Sponsoring climate change

It is that time again. Four years roll by and once more the greatest winter athletes in the world will come together to wow us on death-defying luge runs, courageous ski jumps or surprisingly mesmerising curling slides matches.

Unfortunately, all is not well in this winter wonderland.

In preparations for these games, many Olympians have been faced by changing slopes – forced to search the world for places with the right conditions for them to train.

Meanwhile, a recent study by Dr. Daniel Scott from the University of Waterloo, Ontario, found that nine previous and future Winter Olympic cities may soon be too hot to host the games due to rising temperatures.

The impacts of climate change, that once seemed so far away, are here. And they are only going to get worse if we continue down the path we are on.

It does make you wonder then, why one of the biggest sponsors of the 2018 Pyeongchang Winter Olympics, Samsung, is still stuck on dirty energy.

Greenpeace UK activists give Samsung’s flagship store in London a rebranding makeover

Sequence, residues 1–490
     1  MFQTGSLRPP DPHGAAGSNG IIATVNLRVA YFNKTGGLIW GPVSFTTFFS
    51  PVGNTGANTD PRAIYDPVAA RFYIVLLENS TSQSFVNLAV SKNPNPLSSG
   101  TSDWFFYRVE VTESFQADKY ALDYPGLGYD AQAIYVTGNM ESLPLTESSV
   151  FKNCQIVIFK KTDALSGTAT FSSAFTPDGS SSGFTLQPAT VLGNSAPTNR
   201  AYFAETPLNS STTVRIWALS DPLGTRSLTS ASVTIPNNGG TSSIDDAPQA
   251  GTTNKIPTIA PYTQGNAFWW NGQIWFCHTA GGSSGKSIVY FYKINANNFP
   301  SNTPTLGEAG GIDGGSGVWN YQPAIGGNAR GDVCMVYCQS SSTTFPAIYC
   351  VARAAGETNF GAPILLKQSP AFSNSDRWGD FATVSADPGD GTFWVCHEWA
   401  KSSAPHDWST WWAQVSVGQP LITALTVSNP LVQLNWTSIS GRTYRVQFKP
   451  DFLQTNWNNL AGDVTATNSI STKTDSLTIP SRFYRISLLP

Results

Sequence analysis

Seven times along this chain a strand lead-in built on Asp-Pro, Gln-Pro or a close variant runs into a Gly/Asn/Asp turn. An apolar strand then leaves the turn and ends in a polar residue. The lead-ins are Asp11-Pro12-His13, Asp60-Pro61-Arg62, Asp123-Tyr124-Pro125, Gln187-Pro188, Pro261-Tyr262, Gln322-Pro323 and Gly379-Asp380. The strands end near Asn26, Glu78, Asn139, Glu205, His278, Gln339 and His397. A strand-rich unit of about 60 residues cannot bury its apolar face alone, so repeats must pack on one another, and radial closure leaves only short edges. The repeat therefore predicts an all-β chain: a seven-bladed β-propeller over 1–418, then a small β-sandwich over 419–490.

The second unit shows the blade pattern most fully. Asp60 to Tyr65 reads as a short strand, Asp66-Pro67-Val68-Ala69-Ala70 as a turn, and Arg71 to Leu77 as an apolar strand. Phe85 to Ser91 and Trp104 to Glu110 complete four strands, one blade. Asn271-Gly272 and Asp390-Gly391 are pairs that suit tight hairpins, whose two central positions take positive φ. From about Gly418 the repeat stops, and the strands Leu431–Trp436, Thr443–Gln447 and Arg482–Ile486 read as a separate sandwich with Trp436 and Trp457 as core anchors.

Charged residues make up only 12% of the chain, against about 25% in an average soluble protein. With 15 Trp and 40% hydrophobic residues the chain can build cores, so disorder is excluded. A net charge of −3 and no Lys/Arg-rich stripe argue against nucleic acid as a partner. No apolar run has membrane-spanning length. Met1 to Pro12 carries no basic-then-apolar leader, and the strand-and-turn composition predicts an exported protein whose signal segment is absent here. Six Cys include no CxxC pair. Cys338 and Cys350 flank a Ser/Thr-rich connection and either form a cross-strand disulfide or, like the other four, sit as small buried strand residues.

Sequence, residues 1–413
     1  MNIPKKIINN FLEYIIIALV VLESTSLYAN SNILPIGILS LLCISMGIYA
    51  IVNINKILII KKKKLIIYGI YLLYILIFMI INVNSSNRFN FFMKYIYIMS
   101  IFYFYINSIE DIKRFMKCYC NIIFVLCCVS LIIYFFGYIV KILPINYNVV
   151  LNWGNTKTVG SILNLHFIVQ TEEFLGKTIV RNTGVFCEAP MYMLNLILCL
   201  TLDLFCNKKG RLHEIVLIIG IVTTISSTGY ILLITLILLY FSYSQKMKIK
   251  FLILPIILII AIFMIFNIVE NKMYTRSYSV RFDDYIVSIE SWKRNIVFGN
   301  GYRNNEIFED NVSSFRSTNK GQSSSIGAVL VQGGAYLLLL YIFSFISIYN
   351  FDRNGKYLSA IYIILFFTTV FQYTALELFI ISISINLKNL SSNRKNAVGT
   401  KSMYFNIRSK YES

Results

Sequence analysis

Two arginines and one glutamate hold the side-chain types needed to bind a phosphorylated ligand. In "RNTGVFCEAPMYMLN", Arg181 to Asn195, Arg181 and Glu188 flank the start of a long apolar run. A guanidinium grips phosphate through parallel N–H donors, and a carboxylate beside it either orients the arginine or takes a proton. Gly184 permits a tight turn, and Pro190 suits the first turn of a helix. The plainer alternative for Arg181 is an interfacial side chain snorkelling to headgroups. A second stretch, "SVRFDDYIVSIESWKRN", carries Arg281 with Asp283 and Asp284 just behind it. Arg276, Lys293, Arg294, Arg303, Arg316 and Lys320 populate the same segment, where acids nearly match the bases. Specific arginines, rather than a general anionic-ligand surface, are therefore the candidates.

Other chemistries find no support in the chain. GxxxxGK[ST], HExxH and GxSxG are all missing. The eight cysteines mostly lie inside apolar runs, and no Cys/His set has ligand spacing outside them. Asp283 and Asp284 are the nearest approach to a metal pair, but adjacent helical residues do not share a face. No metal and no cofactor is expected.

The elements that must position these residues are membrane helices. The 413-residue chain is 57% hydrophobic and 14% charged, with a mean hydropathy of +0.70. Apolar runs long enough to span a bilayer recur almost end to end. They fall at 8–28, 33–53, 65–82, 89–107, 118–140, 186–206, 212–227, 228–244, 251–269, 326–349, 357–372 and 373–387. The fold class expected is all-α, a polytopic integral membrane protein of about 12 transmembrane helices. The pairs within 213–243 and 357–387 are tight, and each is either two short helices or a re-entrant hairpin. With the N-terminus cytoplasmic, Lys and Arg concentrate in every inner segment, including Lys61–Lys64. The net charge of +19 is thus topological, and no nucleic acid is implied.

Since the 2010 Games, Samsung’s emissions, released from their vast, global supply chain, have risen by a whopping 55%. 

Even more shockingly, right now Samsung uses a measly 1% renewable energy. Hardly a gold medal score, this is a laughably underwhelming achievement for a company that spouts out taglines such as “Do What You Can’t” and “Do Bigger Things” without a hint of hypocrisy.

This is in stark contrast to the rest of the world.

Even the Pyeongchang Olympic committee have been proactively communicating their own commitment to be powered by renewables. Six of the venues will run on renewable energy and they have set a target for zero emissions from the games.

While the snow melts and people around the world realise we have no time to lose, Samsung’s CEOs continue to turn a deaf ear. This is not about Greenpeace, it is not about saving face or greenwashing. On the eve of the 2018 Winter Olympics, the world is facing an existential crisis. Never before have we needed action on a truly global scale from all corners to reduce emissions and transition to renewable energy as fast as possible.

However, this is also an opportunity that will set aside the dinosaurs from the innovators. A moment that history will judge us for our actions (or lack of).

Samsung’s CEOs are faced with an opportunity to change course and courageously go beyond business as usual to drastically reduce our emissions and half catastrophic climate change. Do what you can’t?

Robin Perkins is Global Rethink IT Campaigner at Greenpeace East Asia

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